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Water protection; Dechsendorf pond

Stand: 28.05.2024

The Dechsendorf pond (Großer Bischofsweiher) and the almost equally large Kleiner Bischofsweiher were created as carp ponds by the Bamberg bishops in the Middle Ages.

Due to the large water areas and the immediate surroundings, both ponds are of great importance for species and biotope protection, especially for waterfowl. The Dechsendorf ponds are a popular excursion destination for local recreationists due to their proximity and closeness to nature. The pond is used as a bathing pond; however, its use was restricted due to the algae problem.

The bathing ban is also publicized locally and by clearly visible signs or signs at the bathing area.

The field areas to the west of the ponds are part of the Franconian Sand Axis nature conservation project and the forest areas of the Markwald forest directly adjacent to the east are protected forest. The entire area is a landscape conservation area. The Dechsendorfer Weiher was previously crossed by the Röttenbach. This has now been created as a new Röttenbach over a length of 1.6 km from the intermediate dam inlet area to the tailwater of the Dechsendorfer Weiher. A near-natural watercourse is intended to improve the previously mediocre water structure and create new habitats for the ecological diversity of nature. The missing continuity of the Röttenbach was restored. In the new Röttenbach, nutrients, sediments and also fish from the catchment area of the Dechsendorfer pond can be diverted around it into the pond's tailwater. The pond is no longer in the main catchment but in the secondary catchment and can therefore be managed in terms of the quality and quantity of the inflowing water. The pond was returned to a plant-dominant state with the targeted planting of aquatic plants.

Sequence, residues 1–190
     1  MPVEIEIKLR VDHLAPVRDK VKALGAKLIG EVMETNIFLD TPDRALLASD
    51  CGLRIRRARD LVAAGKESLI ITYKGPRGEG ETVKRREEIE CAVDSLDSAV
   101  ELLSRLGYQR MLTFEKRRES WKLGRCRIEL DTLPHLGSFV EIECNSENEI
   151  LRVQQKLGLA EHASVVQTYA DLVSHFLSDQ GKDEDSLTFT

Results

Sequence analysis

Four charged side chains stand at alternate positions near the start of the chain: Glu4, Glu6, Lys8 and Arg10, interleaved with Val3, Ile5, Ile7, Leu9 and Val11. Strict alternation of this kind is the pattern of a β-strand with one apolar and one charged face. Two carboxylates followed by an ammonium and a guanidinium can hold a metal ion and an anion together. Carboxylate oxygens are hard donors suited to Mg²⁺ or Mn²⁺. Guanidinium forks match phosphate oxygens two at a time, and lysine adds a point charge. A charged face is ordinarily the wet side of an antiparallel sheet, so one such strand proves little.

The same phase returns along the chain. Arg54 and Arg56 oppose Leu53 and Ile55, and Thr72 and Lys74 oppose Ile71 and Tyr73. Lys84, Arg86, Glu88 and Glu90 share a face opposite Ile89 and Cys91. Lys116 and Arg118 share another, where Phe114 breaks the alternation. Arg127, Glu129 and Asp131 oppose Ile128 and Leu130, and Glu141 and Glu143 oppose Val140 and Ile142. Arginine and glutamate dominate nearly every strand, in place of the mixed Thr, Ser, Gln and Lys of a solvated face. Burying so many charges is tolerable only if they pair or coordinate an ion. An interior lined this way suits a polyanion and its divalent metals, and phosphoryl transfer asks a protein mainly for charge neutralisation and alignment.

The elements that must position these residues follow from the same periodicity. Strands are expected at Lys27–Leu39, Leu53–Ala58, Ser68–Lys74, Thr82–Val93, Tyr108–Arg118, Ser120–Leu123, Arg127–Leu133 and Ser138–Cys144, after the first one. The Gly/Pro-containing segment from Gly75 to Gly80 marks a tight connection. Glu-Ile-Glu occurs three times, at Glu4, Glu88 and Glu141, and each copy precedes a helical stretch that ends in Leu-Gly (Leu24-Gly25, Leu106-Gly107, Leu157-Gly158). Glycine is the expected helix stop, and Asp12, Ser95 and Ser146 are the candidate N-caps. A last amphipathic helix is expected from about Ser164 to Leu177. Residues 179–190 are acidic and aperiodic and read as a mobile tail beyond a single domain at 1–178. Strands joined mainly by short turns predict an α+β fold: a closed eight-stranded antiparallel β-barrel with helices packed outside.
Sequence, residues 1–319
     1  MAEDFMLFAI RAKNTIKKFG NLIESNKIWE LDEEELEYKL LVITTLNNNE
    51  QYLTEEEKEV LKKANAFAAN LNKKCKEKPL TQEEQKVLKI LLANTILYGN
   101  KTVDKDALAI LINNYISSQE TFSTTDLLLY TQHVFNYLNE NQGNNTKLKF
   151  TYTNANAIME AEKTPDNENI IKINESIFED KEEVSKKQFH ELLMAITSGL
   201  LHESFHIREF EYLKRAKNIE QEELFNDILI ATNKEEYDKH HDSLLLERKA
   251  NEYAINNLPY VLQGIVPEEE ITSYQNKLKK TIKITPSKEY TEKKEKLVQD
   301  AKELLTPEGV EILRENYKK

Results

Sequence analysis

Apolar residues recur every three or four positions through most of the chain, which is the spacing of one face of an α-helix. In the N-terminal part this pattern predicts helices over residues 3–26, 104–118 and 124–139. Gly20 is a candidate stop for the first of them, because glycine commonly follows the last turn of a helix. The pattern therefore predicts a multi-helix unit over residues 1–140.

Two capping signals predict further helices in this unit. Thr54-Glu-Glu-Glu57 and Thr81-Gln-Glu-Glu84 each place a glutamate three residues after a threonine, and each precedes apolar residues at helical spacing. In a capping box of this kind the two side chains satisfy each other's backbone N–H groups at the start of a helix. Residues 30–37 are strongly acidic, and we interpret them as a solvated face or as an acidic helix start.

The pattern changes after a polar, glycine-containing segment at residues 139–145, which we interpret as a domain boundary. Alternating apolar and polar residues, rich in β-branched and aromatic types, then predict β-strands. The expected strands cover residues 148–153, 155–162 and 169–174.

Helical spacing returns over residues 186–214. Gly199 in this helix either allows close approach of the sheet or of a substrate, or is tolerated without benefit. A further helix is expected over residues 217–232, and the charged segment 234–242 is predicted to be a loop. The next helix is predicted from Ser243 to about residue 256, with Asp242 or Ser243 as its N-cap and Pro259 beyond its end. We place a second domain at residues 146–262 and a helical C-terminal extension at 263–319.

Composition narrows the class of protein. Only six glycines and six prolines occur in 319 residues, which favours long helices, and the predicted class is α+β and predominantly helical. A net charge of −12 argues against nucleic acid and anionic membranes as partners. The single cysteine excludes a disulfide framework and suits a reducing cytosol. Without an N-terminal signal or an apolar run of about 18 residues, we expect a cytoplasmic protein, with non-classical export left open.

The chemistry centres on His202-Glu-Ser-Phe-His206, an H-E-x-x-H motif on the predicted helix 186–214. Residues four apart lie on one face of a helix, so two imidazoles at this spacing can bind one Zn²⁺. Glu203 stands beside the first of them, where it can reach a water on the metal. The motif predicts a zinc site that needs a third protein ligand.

Total costs of 1,200,000 euros were estimated for the construction of the Röttenbach. The measure was funded 75% by the Free State of Bavaria.

Water ecology measures at Dechsendorfer Weiher can be found in the accompanying plan